Patent application title: System and Method for Video Storage and Retrieval
Hsiao-Shu Hsiung (San Jose, CA, US)
Bin Qian (Santa Clara, CA, US)
John Hsueh (Fremont, CA, US)
IPC8 Class: AH04N591FI
Class name: With compression (e.g., dct/mjpeg, etc.) mpeg 1 or mpeg2 (e.g., gop/gof (i, p, and b frames), etc.) mpeg2 transport stream (e.g., 188-packets or data structure, etc.)
Publication date: 2011-03-31
Patent application number: 20110075994
A method and system for providing functionality similar to that found in a
DVR but mostly or completely contained within a television set is
disclosed. A memory stores packets representing a portion of one or more
programs in the broadcast stream and allows a viewer to replay that
portion of the program using some of the functions available on a DVR,
such as pause, rewind, and fast forward. The packet stream is divided
into groups of equal length and fixed time duration, for example one
second, and stored in sequential order in the memory. This allows for the
storage and retrieval of content without the need for an index file,
without adding a timestamp to the program data packets, and without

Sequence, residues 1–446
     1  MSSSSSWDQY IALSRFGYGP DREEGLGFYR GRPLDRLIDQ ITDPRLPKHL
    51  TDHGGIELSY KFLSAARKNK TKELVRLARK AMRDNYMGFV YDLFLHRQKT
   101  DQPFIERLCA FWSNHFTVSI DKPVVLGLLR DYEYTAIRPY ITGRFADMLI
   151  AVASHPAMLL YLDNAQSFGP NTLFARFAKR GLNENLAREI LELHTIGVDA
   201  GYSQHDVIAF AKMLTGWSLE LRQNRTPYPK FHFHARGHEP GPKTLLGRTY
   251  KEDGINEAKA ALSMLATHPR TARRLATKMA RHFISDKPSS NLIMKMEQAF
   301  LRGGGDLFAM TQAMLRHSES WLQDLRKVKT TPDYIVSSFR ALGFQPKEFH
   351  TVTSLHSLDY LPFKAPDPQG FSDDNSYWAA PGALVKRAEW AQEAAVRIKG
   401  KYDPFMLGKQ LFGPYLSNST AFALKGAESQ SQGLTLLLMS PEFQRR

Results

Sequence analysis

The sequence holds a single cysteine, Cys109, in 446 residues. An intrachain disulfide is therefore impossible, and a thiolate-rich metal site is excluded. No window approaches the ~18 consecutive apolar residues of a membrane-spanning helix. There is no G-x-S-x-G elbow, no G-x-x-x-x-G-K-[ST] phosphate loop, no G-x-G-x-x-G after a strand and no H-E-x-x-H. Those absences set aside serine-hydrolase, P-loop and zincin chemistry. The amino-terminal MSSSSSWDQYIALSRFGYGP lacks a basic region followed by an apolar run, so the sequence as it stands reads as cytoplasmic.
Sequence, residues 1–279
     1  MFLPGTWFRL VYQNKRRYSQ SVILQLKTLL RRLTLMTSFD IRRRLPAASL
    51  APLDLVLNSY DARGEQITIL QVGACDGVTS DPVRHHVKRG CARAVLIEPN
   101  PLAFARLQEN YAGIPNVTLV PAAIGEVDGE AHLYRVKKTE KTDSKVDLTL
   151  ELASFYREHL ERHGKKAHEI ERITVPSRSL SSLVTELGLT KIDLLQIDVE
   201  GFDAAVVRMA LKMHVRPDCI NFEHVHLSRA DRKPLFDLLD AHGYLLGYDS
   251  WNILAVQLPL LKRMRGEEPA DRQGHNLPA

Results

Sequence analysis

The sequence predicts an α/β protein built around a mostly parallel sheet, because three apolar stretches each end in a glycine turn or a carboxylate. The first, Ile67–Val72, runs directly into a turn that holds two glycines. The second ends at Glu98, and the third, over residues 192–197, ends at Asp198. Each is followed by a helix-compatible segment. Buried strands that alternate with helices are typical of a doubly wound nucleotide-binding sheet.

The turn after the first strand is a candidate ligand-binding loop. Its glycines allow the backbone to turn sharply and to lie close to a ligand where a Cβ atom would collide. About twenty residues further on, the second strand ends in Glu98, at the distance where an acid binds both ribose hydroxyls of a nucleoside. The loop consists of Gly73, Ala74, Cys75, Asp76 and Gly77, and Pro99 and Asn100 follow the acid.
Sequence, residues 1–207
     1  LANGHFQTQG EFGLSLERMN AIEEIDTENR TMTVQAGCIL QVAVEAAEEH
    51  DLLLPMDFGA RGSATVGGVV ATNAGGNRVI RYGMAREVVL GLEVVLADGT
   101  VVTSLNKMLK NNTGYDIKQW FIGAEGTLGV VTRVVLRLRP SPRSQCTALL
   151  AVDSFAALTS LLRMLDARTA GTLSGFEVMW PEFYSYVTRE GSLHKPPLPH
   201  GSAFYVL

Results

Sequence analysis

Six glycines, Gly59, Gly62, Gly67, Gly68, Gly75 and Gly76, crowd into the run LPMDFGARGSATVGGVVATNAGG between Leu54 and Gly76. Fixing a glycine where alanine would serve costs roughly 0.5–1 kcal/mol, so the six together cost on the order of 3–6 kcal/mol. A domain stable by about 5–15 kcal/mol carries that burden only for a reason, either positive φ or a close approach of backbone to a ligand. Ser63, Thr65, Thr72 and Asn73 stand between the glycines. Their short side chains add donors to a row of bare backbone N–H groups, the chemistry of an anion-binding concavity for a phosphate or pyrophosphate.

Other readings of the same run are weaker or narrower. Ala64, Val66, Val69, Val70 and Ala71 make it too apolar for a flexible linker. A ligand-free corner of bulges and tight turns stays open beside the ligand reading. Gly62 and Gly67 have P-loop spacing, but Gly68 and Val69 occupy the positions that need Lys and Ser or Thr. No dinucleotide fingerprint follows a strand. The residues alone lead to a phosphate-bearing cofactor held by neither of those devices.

separating the audio portion from the video portion of the program and
then having to synchronize and recombine them.
1. A method for storing a video signal comprising the steps of:receiving
one or more streams of broadcast video signals in a digital format, each
stream containing a plurality of program signals and each program signal
comprised of a series of frames;selecting a received stream;dividing the
selected stream into groups of frames such that each group is of
approximately equal broadcast time duration, without otherwise altering
the format of the frames; andstoring the groups sequentially in a memory
in the same order and digital format in which the stream was received.
2. The method of claim 1 wherein the digital format of the received streams of television signals is MPEG-2
3. The method of claim 1 wherein the time duration of each group is approximately one second.
4. The method of claim 1 further comprising selecting one program from the plurality of program signals, and wherein storing the groups of frames further comprises storing only the frames for the selected program.
5. The method of claim 1 wherein the memory is a flash memory.
6. The method of claim 1 wherein the memory is a hard disk.